This post is inspired from reading “a letter to my younger self” by the Brazilian Soccer Genius Ronaldinho.
If you’re looking to get your child involved in physical activity and a sport for life (don’t assume elementary school is providing that) there’s something you should know about soccer.
The greatest players on the planet played in bare feet, ratty sneakers, a tatty ball, but they did play often, and they did play, and this is important, for fun.
Ronaldinho talks about this.
Organized soccer in Canada, from the very lowest levels all the way to the national team, is structured almost to the point where creativity is coached out, in favor of organization.
This is a legitimate way to win, to succeed even, but it’s not all that entertaining.
Kids are told it’s ok to make mistakes one day, but to remember they are constantly on trial the next.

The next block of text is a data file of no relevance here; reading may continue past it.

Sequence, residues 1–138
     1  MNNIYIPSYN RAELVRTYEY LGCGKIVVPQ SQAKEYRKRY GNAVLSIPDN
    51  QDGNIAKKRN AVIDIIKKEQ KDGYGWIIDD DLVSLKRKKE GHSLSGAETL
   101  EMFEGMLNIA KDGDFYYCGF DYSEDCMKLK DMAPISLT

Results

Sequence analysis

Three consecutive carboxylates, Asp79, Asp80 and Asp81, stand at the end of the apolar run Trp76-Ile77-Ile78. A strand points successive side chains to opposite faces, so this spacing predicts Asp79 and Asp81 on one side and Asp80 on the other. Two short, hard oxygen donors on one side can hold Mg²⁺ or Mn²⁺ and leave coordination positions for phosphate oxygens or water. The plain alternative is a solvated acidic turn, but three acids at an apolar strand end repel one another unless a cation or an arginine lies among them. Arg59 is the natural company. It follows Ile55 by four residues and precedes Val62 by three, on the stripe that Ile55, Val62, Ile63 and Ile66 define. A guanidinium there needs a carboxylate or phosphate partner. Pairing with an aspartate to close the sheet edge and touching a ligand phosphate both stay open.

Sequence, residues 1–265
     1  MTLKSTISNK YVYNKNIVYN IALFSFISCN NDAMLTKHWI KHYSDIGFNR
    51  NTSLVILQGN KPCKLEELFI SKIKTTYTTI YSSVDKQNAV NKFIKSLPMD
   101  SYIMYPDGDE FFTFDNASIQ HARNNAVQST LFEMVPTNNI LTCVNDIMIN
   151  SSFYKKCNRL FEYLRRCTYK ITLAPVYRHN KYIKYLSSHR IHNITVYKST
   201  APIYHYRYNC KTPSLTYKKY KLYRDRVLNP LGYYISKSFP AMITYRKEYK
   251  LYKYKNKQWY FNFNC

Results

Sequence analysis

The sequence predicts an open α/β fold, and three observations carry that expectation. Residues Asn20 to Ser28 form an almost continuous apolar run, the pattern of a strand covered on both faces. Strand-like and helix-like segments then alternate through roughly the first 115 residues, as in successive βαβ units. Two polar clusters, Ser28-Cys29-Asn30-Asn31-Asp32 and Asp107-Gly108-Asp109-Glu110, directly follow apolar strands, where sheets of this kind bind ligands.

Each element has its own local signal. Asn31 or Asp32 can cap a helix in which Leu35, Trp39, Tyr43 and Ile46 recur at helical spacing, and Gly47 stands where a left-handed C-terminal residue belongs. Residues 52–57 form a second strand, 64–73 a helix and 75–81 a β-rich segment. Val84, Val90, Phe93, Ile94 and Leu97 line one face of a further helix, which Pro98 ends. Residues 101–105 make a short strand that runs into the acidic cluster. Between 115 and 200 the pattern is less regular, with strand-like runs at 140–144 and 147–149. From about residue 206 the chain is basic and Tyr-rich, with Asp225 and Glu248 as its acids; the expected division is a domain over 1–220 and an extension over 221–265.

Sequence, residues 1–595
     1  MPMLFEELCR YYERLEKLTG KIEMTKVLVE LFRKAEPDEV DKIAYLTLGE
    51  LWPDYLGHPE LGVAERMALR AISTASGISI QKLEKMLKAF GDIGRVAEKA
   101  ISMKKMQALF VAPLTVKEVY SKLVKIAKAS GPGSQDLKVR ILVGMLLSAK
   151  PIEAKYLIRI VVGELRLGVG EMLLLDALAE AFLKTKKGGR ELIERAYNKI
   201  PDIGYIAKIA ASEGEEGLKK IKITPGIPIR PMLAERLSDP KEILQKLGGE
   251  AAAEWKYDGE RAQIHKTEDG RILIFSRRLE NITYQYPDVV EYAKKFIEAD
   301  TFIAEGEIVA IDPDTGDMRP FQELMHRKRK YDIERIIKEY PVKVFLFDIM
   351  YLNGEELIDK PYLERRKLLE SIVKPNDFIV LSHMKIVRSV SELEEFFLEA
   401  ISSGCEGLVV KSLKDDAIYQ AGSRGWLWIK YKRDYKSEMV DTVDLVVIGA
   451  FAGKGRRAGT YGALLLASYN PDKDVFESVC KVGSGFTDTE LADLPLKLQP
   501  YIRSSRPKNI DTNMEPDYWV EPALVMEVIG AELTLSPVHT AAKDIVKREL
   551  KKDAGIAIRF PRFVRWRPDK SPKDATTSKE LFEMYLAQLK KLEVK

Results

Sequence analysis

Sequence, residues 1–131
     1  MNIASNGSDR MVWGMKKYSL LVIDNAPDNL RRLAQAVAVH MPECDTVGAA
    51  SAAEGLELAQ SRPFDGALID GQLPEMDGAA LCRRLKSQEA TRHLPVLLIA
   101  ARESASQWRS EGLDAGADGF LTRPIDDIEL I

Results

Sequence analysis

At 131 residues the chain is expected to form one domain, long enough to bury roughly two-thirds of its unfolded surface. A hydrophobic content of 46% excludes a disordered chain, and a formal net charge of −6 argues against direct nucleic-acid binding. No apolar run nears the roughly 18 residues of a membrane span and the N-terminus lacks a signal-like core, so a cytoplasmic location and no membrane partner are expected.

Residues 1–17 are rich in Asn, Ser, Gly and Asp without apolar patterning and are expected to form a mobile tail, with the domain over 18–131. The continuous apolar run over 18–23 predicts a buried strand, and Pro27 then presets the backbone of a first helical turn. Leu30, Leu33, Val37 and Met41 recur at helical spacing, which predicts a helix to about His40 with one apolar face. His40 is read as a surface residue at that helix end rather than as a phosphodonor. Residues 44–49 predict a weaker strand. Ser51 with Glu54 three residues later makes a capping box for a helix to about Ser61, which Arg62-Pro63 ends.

This makes for very predictable play for the fans, whether these fans be at the park on a Saturday, or watching the Ottawa Fury, or Team Canada. I can watch players in North America and know exactly what they are going to do next 90% of the time. So can their opponents. The reason Ronaldinho was so feared by defenders was because they had no idea what he was going to do with the ball.
Coaches and clubs are aware of all this and are making great strides to change this, but aren’t there yet.
Admittedly there isn’t a Ronaldinho on every street corner, but how many kids with touch, instinct, personality, have it coached out of them in favor of structure and ‘discipline?’
The same applies to us as we grow into adults, it applies to any creative endeavor, including photography.
How many of us have creativity coached out of us by our educational institutions, our culture, our need to win, and our corporations?
Sir Ken Robinson has something to say about this: